Thursday, September 14, 2006

House Hearing On Great Lakes Restoration Strategy

Sep 13: The House Committee on Transportation and Infrastructure, Water Resources & Environment Subcommittee, Chaired by John Duncan, Jr. (R-TN), held a hearing entitled, The Great Lakes Regional Collaboration Strategy: Can it be Implemented to Restore and Protect the Great Lakes? The purposed of the hearing was to receive testimony on the Great Lakes Regional Collaboration Strategy and how it is serving as a framework for restoring and protecting the Great Lakes. The Great Lakes Basin includes part of the States of Minnesota, Wisconsin, Illinois, Indiana, Ohio, Pennsylvania, and New York, all of the State of Michigan, and part of Ontario, Canada. Over 33 million people live in the Basin, representing one tenth of the U.S. population and one quarter of the Canadian population. The Great Lakes constitute the largest system of fresh surface water on Earth, holding 18% of the world’s fresh water supply and 95% of the U.S. fresh water supply. As Chairman Duncan emphasized in his opening remarks, while the Great Lakes are a high priority for the Great Lakes states and Canada, "...the Great Lakes are also important to our entire nation."

Witnesses testifying included: representatives of the Great Lakes and St. Lawrence Cities Initiative; U.S. EPA; U.S. Army Corps of Engineers; U.S. Department of the Interior; Council of Great Lakes Governors; and the University of Michigan,School of Natural Resources & Environment, Michigan Sea Grant program.

The current binational framework for restoring the Great Lakes ecosystem is the Great Lakes Water Quality Agreement that was established in 1972. The purpose of the Agreement is to “restore and maintain the chemical, physical, and biological integrity of the waters of the Great Lakes Basin Ecosystem.” In 1987, the U.S. and Canada amended the Great Lakes Water Quality Agreement (Annex 2). The purpose of Annex 2 is to strengthen the management of the Agreement, develop ecosystem objectives and indicators, address nonpoint sources of pollution, contaminated sediments, airborne toxins, contaminated groundwater, and improve monitoring. Under the Annex 2 management structure, water quality problems are addressed on a sub-basin, lake-wide, and basin-wide basis. To support the commitments made in the Great Lakes Water Quality Agreement, in 1987, Congress added section 118 to the Clean Water Act. Section 118 established the Great Lakes National Program Office within EPA. Currently, the annual authorization for appropriations for EPA’s Great Lakes National Program Office is $25 million. In recent years, the Great Lakes National Program Office has been funded at a level of approximately $21 million per year.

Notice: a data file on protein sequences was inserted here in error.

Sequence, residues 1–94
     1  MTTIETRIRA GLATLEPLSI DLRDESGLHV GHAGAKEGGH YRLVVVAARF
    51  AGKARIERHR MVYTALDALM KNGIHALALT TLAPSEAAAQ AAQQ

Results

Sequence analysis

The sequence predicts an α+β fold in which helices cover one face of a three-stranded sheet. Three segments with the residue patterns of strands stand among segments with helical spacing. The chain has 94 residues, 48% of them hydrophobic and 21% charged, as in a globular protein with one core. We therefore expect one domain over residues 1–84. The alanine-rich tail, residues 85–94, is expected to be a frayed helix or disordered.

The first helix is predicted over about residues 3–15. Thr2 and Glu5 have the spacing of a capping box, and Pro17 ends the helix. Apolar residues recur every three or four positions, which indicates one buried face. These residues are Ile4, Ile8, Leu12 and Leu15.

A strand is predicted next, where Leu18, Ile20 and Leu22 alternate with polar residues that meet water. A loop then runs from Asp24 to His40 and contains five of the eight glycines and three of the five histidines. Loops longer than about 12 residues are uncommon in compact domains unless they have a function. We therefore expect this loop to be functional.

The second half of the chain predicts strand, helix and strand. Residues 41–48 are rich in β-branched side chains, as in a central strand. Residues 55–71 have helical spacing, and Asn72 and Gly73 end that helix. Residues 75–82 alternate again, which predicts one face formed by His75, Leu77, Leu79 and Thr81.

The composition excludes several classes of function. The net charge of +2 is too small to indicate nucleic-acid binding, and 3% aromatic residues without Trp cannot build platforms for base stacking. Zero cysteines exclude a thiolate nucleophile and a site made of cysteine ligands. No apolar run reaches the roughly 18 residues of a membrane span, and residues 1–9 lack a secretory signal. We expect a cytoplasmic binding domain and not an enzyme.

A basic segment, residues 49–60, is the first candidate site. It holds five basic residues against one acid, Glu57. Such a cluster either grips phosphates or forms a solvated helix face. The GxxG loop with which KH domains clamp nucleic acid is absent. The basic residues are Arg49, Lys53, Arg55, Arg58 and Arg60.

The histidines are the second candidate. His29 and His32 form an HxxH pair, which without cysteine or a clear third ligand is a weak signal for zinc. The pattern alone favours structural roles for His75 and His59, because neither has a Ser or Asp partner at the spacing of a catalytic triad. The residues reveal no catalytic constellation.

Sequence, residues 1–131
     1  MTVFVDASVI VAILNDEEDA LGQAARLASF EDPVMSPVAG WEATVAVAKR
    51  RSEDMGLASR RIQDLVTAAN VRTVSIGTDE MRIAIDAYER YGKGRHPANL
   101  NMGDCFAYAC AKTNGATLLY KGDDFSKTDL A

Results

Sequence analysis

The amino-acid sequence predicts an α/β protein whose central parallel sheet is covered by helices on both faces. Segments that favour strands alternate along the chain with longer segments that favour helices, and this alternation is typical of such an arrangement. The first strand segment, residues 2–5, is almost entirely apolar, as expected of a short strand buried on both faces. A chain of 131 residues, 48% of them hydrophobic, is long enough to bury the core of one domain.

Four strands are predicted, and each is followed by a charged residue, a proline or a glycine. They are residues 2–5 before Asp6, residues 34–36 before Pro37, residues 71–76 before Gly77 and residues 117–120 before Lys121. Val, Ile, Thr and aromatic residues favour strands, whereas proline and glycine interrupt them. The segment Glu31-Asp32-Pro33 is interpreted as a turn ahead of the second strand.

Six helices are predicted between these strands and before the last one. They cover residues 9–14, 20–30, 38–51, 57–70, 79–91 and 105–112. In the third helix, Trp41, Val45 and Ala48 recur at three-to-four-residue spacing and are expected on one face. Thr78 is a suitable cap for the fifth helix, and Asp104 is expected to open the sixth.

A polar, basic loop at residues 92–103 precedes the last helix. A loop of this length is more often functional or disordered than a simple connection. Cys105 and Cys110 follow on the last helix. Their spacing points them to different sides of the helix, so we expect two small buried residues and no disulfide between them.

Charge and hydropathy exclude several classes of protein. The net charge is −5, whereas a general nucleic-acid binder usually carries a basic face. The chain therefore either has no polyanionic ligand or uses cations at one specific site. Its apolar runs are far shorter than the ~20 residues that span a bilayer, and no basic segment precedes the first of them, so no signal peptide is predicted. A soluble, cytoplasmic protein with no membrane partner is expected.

The governors of the eight Great Lakes states and the premiers of Ontario and Quebec signed the Great Lakes Charter in 1985 to respond to growing interest in diverting water from the Great Lakes to arid regions of the United States. The charter discourages new proposals to divert Great Lakes water, but it has no enforcement provisions. In order to update the regional water management system and ensure that the Great Lakes are protected, the governors and premiers signed the Great Lakes Charter Annex in 2001. Since that time, the Council of Great Lakes Governors has been working to implement the Charter Annex. On December 13, 2005, the Annex Implementing Agreements were signed by the Great Lakes governors and premiers. Once implemented, the signed agreements will provide the necessary framework to help the states and provinces protect the water resources of the Great Lakes Basin.